Travels
  • 1Gdansk sights
  • 2Gdansk sights
  • 2Gdansk sights
  • 2Gdansk sights

Great Mill

Is a shopping centre, but from 1350 to 1945, this mill was the largest working medieval mill in Europe. Inside excavations at the site. In its original form, the structure served as a flour mill, granary, and bakery, and the exterior still exhibits a working water wheel.

Old Town Hall

17th century interiors and a visit to the Baltic Sea Culture Centre. Both town halls were initiall built during the 14th century; despite its name, Old Town is no older than Main Town.


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St. Mary's Church

is the largest brick church in the world, and a climb to the roof offers unparalleled panoramas of Gdansk. Before you hike up the 400-plus stairs. Inside are wooden pieta, a 500-year-old astronomical clock, and a three-dimensional tryptic of the Last Judgement. largest brick church in the world. opens 6am-7.30pm Monday-Saturday, 8am-7pm on Sundays.


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Upland Gate

Called either the High Gate or the Upland Gate, this silvery-gray brick facade markes the beginning of Gdansk's so-called Royal Route, through which the king would pass on his visits to the city. This 16th century gate was originally a part of Gdansk's defensive system, now stands isolated.

Banks of the Motlawa River

charming seafood restaurants, amber and crystal vendors, shops carrying nautical wares, floating cafes


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Golden Gate

East. 1612. the Gate is decorated with figurines that symbol Peace, Freedom, Wealth, Fame, Piety, Fairness and Harmony.


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Crane

End of Long Street. medieval harbor built in 1444, Europe's oldest crane. If you walk under the crane, you can view its inner workings with its massive rope and gears.


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Artus Court

Dlugi Targ 43 At the entrance to Dlugi Targ stands a Gothic tenement from XIV c. This 10 m high residence is called The Artus Court. 18th-century town house decorated and furnished in period style. It opens 10am-3pm Tuesday, 10am-4pm Wednesday-Saturday, 11am-4pm on Sundays; admission costs PLN10 (£2.30); free on Tuesdays.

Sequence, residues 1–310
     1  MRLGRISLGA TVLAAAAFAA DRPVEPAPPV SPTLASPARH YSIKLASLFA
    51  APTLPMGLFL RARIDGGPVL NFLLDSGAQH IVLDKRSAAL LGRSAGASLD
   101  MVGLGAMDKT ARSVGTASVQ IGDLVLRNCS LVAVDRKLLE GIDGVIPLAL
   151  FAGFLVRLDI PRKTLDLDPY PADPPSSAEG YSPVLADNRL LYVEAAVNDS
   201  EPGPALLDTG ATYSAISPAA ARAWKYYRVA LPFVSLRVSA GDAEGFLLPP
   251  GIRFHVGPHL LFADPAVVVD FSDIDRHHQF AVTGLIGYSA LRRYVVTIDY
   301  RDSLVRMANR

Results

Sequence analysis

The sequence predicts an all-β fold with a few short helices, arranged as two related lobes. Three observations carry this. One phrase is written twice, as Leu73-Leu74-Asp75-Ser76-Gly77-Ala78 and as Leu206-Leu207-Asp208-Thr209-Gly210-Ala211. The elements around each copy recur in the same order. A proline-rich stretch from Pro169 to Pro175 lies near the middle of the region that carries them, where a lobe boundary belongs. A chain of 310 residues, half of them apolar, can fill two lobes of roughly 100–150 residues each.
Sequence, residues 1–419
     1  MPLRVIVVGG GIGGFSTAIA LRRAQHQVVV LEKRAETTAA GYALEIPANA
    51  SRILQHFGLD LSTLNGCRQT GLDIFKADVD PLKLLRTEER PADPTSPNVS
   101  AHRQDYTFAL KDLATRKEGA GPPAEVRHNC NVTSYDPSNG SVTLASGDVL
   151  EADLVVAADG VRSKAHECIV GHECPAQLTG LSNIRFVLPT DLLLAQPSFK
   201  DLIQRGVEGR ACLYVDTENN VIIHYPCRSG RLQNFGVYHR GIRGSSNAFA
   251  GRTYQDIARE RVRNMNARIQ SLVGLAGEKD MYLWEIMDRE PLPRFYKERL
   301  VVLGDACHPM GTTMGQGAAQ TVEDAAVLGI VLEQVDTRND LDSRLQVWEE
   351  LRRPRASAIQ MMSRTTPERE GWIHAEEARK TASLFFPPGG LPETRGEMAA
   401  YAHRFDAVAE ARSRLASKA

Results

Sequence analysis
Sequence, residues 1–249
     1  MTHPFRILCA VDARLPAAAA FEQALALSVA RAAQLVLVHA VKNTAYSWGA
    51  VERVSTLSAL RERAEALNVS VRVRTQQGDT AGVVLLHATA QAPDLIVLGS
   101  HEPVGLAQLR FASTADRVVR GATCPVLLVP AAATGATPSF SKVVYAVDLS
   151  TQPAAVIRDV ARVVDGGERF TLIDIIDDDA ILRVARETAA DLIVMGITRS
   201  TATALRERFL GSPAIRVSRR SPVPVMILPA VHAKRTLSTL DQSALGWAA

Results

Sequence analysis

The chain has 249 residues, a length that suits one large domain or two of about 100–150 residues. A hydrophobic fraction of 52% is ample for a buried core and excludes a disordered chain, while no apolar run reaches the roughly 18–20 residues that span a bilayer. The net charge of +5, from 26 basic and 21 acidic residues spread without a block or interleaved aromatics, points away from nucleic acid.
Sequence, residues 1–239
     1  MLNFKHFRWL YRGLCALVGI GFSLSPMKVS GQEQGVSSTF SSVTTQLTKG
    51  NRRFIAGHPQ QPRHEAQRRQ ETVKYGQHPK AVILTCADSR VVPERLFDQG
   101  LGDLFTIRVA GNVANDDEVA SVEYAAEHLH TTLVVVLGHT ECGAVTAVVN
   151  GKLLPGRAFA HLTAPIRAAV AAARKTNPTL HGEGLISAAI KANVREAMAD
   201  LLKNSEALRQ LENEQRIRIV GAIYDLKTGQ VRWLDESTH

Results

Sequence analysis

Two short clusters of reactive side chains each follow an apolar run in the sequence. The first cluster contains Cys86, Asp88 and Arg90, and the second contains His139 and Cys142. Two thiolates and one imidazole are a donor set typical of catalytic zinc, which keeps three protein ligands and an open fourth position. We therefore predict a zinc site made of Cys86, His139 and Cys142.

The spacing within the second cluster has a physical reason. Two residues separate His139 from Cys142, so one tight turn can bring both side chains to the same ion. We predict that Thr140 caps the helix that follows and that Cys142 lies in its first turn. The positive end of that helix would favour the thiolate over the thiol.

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Długa St & Długi Targ St

The Długa and Długi Targ Streets which are also known as Trakt Królewski (the Royal Route) from Middle Ages, but most of the buildings were erected in modern times. Tenement houses on Długa Street are typical Gdańsk houses with narrow facades topped with gables or attics, richly decorated with coats of arms, silhouettes of ancient heroes.


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Neptune Fountain

in front of the Artus Court since 1633 is a symbol of Gdańsk. built by Mayor of Gdańsk, Bartłomiej Schachmann. The model was prepared by Peter Husen and Johann Rogge, and it was cast in 1615 in Augsburg. legends say it was Neptune helped to create Gdańsk liqueur called Goldwasser. He got angry at people throwing golden coins into the fountain and hit the water with his trident so hard that the gold fell to pieces, forming small golden flakes which now shine in the tasty herbal liqueur.


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The Golden House

1609 by the Jan Speyman, the Mayor of the city and at the same time a wealthy merchant and an open-minded patron of the arts, and his wife, Judyta. Legend goes the corridors are visited by a ghost of the Judyta Speymann whispering “Act justly, fear no one”.

St. Mary's Street

from the St Mary's church to the Long Embankment with the Medieval St Mary's Gate. Historic Gdansk urban planning belonged to affluent merchants and goldsmiths. The picturesque scenery of the place has always inspired writers and painters. It has also used as the scene of films.


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The Royal Chapel

King Jan III Sobieski to serve as a temporary place of worship for the Catholics of St Mary's parish church, which at that time was held by Protestants. It is a masterpiece created by Barthel Ranisch, erected between 1678-1681, according to the design of the royal architect, Tylman of Gameren.


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